The updated roster is listed below.

NAME                               POS          HGT       WGT            DOB             TEAM / COLLEGE                                   

DeMarcus Cousins           C             6-11       270           8/13/90        Sacramento Kings / Kentucky

Stephen Curry                   G             6-3          185           3/14/88        Golden State Warriors / Davidson

Anthony Davis                 F/C           6-10       220           3/11/93        New Orleans Pelicans / Kentucky

DeMar DeRozan               G             6-7          216           8/07/89        Toronto Raptors / USC

Andre Drummond           C             6-10       270           9/10/93        Detroit Pistons / Connecticut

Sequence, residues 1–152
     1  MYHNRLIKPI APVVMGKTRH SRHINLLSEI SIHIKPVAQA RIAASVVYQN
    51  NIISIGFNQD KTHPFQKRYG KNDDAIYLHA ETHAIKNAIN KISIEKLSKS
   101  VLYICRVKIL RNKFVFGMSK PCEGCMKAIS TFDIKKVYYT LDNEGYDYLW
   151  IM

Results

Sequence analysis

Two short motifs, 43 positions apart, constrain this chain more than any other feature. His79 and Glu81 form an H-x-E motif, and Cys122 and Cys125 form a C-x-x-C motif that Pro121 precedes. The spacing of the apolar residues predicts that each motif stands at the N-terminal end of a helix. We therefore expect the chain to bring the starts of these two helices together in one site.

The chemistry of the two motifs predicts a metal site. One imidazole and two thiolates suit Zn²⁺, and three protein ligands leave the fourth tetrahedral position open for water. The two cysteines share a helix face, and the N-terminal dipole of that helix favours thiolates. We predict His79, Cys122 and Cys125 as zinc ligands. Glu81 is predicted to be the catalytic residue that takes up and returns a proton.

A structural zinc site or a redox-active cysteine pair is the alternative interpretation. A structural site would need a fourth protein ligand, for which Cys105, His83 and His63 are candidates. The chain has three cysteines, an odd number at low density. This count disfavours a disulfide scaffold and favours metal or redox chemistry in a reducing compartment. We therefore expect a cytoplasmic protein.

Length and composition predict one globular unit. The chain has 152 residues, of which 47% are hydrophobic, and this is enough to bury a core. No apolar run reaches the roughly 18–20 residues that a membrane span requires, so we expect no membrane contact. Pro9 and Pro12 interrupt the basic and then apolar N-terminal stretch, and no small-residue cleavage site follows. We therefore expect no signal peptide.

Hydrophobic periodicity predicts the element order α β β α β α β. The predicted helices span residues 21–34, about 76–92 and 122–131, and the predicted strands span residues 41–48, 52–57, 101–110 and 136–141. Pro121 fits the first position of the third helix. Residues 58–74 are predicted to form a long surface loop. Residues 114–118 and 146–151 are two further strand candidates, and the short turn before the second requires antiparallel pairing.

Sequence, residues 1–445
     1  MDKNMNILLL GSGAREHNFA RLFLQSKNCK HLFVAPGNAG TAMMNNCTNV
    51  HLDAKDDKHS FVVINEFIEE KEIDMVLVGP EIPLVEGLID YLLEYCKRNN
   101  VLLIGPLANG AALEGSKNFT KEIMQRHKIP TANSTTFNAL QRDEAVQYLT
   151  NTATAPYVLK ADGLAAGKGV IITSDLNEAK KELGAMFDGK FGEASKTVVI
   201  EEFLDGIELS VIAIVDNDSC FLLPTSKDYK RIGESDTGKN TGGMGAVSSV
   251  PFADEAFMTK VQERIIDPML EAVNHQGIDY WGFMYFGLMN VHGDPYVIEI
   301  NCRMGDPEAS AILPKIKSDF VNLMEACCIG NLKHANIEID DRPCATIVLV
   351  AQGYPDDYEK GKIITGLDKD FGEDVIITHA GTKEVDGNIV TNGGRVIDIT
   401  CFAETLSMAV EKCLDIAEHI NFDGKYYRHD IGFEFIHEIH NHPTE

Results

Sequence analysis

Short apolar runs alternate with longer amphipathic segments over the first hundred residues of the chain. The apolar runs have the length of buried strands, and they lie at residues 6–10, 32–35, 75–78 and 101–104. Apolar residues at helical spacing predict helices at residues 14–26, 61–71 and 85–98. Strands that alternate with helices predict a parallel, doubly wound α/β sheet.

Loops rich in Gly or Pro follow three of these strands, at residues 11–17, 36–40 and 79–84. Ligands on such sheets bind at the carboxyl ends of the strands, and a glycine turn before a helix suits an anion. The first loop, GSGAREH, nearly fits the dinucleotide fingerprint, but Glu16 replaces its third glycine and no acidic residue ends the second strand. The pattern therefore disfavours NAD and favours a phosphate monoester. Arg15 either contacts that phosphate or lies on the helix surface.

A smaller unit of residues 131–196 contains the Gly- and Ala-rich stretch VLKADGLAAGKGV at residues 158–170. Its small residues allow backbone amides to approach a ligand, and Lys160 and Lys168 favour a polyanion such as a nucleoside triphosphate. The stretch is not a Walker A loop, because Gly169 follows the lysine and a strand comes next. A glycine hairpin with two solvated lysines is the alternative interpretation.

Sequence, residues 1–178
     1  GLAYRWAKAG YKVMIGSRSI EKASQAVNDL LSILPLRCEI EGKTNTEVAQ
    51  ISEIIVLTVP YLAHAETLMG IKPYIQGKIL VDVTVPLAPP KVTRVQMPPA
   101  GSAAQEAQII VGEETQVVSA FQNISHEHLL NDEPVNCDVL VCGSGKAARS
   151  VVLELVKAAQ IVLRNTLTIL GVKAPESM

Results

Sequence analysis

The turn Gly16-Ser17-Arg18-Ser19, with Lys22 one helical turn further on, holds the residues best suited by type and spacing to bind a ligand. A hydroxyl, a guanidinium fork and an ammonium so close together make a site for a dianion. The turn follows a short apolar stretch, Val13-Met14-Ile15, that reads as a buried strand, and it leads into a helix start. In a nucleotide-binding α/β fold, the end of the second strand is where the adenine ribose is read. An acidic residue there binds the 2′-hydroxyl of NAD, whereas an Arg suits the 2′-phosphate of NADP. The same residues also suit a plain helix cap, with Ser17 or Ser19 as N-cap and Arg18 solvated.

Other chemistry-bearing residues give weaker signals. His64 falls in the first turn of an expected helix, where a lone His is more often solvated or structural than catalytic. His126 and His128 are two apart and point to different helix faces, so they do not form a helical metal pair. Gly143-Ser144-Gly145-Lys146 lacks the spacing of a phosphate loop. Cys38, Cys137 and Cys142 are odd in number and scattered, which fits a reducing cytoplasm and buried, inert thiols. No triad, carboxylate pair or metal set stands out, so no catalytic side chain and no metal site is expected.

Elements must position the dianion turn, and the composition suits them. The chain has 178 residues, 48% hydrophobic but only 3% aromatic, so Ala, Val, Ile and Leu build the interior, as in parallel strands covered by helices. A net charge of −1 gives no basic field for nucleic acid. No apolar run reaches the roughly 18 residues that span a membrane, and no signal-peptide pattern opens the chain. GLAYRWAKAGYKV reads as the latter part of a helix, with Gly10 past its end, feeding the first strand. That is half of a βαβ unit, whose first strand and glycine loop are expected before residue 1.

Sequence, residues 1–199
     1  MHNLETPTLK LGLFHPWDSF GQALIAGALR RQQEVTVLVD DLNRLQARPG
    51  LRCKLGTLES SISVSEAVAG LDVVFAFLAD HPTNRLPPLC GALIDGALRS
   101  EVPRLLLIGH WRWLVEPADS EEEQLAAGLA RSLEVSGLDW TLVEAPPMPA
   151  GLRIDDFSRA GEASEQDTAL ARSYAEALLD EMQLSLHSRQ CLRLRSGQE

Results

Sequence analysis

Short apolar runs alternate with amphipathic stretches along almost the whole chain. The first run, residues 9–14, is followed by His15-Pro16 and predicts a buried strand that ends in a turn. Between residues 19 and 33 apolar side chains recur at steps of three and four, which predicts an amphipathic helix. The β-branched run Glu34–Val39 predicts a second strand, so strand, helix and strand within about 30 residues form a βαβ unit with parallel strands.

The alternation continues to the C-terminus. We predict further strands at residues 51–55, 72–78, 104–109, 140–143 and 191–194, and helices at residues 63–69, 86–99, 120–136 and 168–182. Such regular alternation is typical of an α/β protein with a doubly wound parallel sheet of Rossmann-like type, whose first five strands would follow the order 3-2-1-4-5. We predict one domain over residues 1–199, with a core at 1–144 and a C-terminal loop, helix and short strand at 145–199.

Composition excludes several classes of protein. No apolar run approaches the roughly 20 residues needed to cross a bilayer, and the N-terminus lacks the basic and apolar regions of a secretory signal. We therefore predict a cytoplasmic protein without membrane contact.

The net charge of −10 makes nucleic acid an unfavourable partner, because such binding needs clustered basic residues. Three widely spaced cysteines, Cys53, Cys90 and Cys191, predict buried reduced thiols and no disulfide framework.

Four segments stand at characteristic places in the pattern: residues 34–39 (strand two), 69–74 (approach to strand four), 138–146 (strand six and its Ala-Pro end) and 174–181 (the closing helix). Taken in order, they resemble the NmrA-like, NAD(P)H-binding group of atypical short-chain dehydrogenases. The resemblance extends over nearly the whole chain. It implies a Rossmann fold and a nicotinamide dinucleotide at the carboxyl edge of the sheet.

Kevin Durant                      G             6-9          230           9/29/88        Oklahoma City Thunder / Texas

Kenneth Faried                 F              6-8          228         11/19/89        Denver Nuggets / Morehead State

James Harden                   G             6-5          220           8/26/89        Houston Rockets / Arizona State

Gordon Hayward             F              6-8          210           3/23/90        Utah Jazz / Butler

Kyrie Irving                         G             6-3          191           3/23/92        Cleveland Cavaliers / Duke

Kyle Korver                       G/F          6-7          212           3/17/81        Atlanta Hawks / Creighton

Damian Lillard                    G             6-3          195           7/15/90        Portland Trail Blazers / Weber State

Chandler Parsons             F              6-9          227         10/25/88        Dallas Mavericks / Florida